Orphan drugs and the NHS: should we value rarity?BMJ 2005; 331 doi: https://doi.org/10.1136/bmj.331.7523.1016 (Published 27 October 2005) Cite this as: BMJ 2005;331:1016
- Christopher McCabe, professor of health economics (email@example.com)1,
- Karl Claxton, senior research fellow2,
- Aki Tsuchiya, lecturer in health economics1
- 1 White Rose Initiative in Health Technology Assessment, Health Economics and Decision Science, School of Health and Related Research, University of Sheffield, Sheffield S1 4DA
- 2 White Rose Initiative in Health Technology Assessment, Centre for Health Economics, University of York, York YO1 5DD
- Correspondence to: C McCabe
- Accepted 28 July 2005
The growing number and costs of drugs for rare diseases are straining healthcare budgets. Decisions on funding these treatments need to be made on a sound basis
Cost effectiveness plays an important part in current decisions about the funding of health technologies. Drugs for rare disease (orphan drugs) are often expensive to produce and, by definition, will benefit only small numbers of patients. Several countries have put measures in place to safeguard research and development of orphan drugs, but few get close to meeting the cost effectiveness criteria for funding by healthcare providers. We examine the justifications for special status for rare diseases and ask whether the cost effectiveness of drugs for rare or very rare diseases should be treated differently from that of other drugs and interventions.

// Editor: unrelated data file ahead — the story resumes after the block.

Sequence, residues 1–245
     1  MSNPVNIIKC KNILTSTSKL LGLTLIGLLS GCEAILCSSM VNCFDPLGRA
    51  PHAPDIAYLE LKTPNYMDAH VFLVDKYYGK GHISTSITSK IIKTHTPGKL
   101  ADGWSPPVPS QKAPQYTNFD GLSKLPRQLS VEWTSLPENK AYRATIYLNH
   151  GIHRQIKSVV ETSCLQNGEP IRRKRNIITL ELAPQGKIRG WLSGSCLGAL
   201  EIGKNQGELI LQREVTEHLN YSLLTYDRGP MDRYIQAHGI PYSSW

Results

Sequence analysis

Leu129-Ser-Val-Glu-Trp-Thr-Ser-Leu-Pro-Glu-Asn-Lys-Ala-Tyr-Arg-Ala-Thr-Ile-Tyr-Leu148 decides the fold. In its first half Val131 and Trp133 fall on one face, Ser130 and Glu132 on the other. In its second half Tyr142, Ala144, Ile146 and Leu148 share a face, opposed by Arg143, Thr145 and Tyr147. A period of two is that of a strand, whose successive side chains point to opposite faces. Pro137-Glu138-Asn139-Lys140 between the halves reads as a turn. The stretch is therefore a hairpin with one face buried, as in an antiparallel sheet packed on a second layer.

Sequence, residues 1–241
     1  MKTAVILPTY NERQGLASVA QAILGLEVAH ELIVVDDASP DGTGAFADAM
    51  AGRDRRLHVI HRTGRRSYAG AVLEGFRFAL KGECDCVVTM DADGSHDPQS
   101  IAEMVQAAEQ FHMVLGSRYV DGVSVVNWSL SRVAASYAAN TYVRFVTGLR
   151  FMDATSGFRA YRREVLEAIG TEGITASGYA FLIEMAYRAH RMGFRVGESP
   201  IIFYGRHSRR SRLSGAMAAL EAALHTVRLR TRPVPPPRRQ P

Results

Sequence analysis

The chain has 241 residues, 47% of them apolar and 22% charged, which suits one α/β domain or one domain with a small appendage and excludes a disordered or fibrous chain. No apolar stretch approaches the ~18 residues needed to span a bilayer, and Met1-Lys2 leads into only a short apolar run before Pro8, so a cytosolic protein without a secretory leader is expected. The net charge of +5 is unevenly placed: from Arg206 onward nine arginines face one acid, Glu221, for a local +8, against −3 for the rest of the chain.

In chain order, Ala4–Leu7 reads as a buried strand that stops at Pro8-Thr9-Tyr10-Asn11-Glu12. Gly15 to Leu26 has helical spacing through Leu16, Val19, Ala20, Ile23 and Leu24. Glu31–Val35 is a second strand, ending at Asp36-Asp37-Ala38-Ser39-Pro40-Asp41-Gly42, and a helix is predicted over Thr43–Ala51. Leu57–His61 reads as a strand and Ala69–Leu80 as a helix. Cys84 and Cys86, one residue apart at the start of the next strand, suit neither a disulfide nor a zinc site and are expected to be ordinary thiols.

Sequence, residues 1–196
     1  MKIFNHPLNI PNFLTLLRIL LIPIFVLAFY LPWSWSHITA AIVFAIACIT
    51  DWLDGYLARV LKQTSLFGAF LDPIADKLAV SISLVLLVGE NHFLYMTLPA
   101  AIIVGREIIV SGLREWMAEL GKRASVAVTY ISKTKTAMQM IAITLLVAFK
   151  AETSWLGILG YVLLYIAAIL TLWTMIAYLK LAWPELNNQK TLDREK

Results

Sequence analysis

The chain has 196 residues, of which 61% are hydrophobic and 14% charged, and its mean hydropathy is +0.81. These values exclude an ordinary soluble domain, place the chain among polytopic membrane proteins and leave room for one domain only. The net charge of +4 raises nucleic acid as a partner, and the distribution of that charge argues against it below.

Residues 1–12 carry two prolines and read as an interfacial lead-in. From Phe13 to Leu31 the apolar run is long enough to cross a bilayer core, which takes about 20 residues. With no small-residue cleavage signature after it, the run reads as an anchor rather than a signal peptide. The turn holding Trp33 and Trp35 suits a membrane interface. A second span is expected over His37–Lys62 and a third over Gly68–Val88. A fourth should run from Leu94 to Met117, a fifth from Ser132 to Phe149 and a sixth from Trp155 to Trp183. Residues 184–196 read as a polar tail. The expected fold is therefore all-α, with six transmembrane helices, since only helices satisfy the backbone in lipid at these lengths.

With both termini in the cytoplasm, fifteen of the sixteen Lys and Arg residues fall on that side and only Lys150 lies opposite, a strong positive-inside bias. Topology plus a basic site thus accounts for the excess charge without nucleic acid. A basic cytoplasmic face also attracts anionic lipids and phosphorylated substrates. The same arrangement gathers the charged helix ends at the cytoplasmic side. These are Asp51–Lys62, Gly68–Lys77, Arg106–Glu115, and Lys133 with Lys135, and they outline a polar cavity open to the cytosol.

The citizen's council of the National Institute for Health and Clinical Excellence (NICE) was recently asked to consider whether the NHS should be prepared to pay premium prices for drugs to treat patients with very rare diseases.1 It recommended that the NHS should consider paying premium prices based on three criteria: the severity of the disease, evidence of health gain, and whether the disease is life threatening.1 The decision by the Department of Health to ring fence funding for enzyme replacement therapy for lysosomal disorders, with expected annual costs above £100 000 ($180 000, €150 000) per patient for life, suggests that central government also currently believes that premium prices should be paid.2
NICE has conducted a feasibility study to explore whether its current processes and methods of technology appraisal can be applied to the appraisal of ultra-orphan drugs (those for diseases with a prevalence of 0.18/10 000 or less).3 It has not yet stated whether it will recommend that treatments for very rare diseases should have special …
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